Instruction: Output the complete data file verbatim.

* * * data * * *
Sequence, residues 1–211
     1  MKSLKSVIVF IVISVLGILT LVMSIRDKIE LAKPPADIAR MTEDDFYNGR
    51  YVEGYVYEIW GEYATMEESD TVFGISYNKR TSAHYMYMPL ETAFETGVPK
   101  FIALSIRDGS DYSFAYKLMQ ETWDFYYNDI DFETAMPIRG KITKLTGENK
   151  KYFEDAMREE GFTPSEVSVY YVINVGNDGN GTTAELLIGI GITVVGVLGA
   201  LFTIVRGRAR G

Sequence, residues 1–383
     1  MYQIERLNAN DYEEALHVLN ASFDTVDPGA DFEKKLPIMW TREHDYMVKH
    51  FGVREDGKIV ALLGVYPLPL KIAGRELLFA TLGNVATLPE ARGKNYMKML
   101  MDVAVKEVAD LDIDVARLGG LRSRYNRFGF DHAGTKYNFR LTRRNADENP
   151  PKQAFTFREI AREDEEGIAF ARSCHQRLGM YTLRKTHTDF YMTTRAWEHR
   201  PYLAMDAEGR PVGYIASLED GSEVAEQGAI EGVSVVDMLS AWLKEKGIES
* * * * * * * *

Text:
Sequence, residues 1–211
     1  MKSLKSVIVF IVISVLGILT LVMSIRDKIE LAKPPADIAR MTEDDFYNGR
    51  YVEGYVYEIW GEYATMEESD TVFGISYNKR TSAHYMYMPL ETAFETGVPK
   101  FIALSIRDGS DYSFAYKLMQ ETWDFYYNDI DFETAMPIRG KITKLTGENK
   151  KYFEDAMREE GFTPSEVSVY YVINVGNDGN GTTAELLIGI GITVVGVLGA
   201  LFTIVRGRAR G

Sequence, residues 1–383
     1  MYQIERLNAN DYEEALHVLN ASFDTVDPGA DFEKKLPIMW TREHDYMVKH
    51  FGVREDGKIV ALLGVYPLPL KIAGRELLFA TLGNVATLPE ARGKNYMKML
   101  MDVAVKEVAD LDIDVARLGG LRSRYNRFGF DHAGTKYNFR LTRRNADENP
   151  PKQAFTFREI AREDEEGIAF ARSCHQRLGM YTLRKTHTDF YMTTRAWEHR
   201  PYLAMDAEGR PVGYIASLED GSEVAEQGAI EGVSVVDMLS AWLKEKGIES